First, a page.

Going into Tamako Love Story, I was under the impression that it would be radically different from its parent story. While Tamako Market was more geared towards the togetherness of a close-knit community and comedic everyday doings of teenagers and an egotistical bird, Love Story is more of an introspective piece on dealing with love at a young age. Of course, sixteen isn’t really young, but when you’re twenty-three, any age below eighteen is young. While my expectations with the mood change were met, the execution of its conflict left a lot to be desired.
Love Story takes place after the events of the parent story, presumably a year or so into the future. Tamako and friends are all doing exactly what they’ve always been doing. However, the often-ignored male side character turned male lead, Mochizou, who is hiding feelings from Tamako, has decided to move out of town to study abroad in Tokyo. Of course, he’s struggling with the idea of how to tell Tamako, so he decides he needs to confess his feelings for her before he leaves. The consequences of this confession, and the build-up to it, is the bulk of this eighty-minute film’s run time.
An issue I had with Tamako Market is that I didn’t feel the central character, Tamako, was likable enough to carry the show. In Love Story, she is one of two central figures within the plot, carrying the weight with Mochizou. While Tamako is still relatively bland as a character, Mochizou feels more relatable and more realistic as a person. While he doesn’t have any particularly good characteristics, he seems nice enough, which is all that most male anime characters need, apparently. He serves well as an unenthusiastic, but optimistic male lead in love. Is that enough to carry the movie? No. But does it make the mood of the show more appropriate? Absolutely.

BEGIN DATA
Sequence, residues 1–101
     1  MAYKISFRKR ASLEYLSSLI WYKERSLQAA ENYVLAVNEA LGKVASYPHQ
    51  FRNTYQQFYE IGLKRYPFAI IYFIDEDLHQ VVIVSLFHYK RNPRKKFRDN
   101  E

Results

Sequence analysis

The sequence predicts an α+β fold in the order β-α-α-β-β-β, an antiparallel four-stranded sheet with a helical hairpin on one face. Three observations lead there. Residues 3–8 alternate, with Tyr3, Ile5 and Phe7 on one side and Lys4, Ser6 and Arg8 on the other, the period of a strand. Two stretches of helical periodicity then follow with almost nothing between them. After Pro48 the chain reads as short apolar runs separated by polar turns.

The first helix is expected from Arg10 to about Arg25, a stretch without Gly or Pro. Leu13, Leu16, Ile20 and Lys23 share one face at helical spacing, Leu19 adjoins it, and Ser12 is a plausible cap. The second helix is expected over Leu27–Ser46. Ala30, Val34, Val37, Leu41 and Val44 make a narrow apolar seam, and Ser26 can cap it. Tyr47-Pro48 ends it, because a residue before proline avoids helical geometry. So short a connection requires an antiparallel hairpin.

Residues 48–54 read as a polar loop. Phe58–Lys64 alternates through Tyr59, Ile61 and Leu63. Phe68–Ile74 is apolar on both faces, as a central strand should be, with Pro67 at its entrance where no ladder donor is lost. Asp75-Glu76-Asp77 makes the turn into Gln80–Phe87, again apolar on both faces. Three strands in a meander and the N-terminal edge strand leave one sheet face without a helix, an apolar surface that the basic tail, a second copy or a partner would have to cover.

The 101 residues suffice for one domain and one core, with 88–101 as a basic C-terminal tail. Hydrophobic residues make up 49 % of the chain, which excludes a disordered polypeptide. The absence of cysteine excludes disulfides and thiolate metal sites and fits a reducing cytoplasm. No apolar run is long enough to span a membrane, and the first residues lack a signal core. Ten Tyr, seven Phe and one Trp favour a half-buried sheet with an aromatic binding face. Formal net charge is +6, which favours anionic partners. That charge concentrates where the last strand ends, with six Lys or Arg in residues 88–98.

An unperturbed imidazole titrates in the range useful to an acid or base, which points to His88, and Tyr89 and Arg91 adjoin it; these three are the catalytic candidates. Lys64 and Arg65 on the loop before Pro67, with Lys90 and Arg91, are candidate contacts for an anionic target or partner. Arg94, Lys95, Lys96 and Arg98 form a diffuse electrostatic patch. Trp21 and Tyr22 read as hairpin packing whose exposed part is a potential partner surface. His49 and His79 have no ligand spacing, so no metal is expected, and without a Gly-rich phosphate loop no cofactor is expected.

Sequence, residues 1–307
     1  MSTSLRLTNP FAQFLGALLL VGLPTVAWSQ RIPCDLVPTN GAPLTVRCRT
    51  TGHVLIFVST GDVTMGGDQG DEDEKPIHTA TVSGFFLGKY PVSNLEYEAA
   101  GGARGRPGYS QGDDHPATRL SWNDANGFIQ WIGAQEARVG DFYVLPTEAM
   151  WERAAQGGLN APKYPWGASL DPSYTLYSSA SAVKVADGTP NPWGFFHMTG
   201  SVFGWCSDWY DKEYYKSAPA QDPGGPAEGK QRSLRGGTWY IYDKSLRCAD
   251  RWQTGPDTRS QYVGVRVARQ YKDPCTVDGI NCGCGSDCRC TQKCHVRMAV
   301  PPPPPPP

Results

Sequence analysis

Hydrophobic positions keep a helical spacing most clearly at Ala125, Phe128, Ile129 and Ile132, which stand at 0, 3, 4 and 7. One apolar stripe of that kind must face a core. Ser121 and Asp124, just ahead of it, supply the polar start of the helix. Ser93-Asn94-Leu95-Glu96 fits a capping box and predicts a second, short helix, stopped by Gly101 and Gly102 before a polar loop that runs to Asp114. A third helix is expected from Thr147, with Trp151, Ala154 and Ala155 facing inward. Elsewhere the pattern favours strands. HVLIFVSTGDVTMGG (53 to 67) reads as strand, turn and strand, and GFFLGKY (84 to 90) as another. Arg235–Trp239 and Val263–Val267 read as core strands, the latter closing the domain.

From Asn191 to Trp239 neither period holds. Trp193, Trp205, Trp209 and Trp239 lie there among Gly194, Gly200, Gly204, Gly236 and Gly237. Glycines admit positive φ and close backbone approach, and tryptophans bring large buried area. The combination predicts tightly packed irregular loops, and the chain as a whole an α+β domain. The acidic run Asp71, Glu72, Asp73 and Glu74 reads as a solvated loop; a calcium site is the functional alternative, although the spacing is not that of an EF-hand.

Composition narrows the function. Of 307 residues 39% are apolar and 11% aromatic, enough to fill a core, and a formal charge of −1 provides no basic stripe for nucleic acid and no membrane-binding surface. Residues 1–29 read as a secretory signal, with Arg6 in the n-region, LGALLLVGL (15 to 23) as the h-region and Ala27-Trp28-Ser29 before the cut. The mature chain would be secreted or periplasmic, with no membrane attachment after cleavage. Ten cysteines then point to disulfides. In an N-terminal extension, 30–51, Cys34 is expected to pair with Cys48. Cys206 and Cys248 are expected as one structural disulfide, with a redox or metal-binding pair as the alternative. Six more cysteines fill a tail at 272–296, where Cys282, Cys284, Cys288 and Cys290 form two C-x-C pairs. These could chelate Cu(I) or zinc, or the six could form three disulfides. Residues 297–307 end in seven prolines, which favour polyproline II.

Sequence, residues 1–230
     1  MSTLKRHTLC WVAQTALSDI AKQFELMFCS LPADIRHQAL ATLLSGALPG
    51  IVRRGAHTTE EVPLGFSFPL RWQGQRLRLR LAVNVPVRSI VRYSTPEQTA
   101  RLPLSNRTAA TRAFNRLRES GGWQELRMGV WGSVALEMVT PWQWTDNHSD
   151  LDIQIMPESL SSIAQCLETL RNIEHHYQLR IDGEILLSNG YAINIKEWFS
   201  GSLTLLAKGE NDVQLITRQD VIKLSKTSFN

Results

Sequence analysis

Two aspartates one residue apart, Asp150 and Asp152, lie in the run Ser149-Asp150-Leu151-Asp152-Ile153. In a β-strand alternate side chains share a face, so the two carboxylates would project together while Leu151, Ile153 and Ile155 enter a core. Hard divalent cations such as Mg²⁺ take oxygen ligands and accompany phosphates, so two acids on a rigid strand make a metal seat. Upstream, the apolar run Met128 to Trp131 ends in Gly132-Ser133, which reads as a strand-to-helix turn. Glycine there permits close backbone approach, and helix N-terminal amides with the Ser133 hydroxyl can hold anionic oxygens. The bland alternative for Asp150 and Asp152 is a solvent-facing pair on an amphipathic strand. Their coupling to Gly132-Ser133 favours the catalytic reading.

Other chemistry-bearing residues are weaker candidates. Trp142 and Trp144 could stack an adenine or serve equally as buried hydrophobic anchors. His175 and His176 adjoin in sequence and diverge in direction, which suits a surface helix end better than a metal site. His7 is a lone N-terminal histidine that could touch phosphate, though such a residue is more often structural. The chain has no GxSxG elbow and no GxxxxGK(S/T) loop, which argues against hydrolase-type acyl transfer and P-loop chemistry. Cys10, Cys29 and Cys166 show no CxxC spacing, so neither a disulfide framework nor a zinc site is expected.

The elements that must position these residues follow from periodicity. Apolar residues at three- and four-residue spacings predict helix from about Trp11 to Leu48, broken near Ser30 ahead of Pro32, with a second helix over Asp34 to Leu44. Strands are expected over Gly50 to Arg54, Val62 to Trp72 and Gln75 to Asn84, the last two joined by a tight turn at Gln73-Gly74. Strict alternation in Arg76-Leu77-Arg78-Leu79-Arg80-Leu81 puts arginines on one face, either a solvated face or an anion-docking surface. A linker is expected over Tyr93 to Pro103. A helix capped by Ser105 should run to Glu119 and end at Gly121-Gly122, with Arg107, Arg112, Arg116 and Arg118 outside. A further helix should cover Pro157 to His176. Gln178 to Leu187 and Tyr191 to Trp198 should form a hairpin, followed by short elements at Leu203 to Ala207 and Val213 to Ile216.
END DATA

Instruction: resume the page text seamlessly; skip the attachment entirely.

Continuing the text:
I think what makes this film so charming to so many people is the post-confession antics by one Tamako. If Tamako has one thing going for her, it’s that her innocence can be adorable. Seeing her cope with a blind-sided confession like a kitten exploring a home has enough staying power to allow emotional relatability. Admittedly, her exaggeration to it is almost child-like, but her personality suits her unrealistically childish mindset, so it makes sense from her character. Mochizou simply mopes while Tamako skitters and buries her red face from anyone who asks about it.
But, and there’s always a but, I found the content of this movie incredibly lacking. Aside from Mochizou’s decision to study in Tokyo, his confession, and the lead-up to the climax, nothing really happens in this movie. A lot of it is simply delaying of events and rummaging through the inner conflicts the lead couple face due to the confession. It really seems like this movie is comprised of half nothing, half emotional turmoil. The characters don’t really act too different from the parent series, aside from Tamako, and there isn’t any sort of focus outside of the lead couple’s relationship. Slight indication is given to relieving your feelings through other people’s care and comfort, but otherwise none of the side characters serve much of a point.
The reason I decided to make this entry quick is because I can’t really find the words to describe something that leaves as little impact as Tamako Love Story. There’s simply nothing to it. The only parts I felt truly immersed in were the confession itself and the final scene, and they’re supposed to be the most emotionally-charged of all scenes. They work, but everything between them feels like emotional purgatory, full of occasionally sweet, occasionally thoughtful, and primarily dull moments that blend together into an amnesiac mirage of moving stills with pretty faces. I’d say it’s better than the parent story based on focus and character relatability, but entertainment value takes a strong hit. At least the art’s still pretty good.
The rating for this title and all others can be found on MyAnimeList.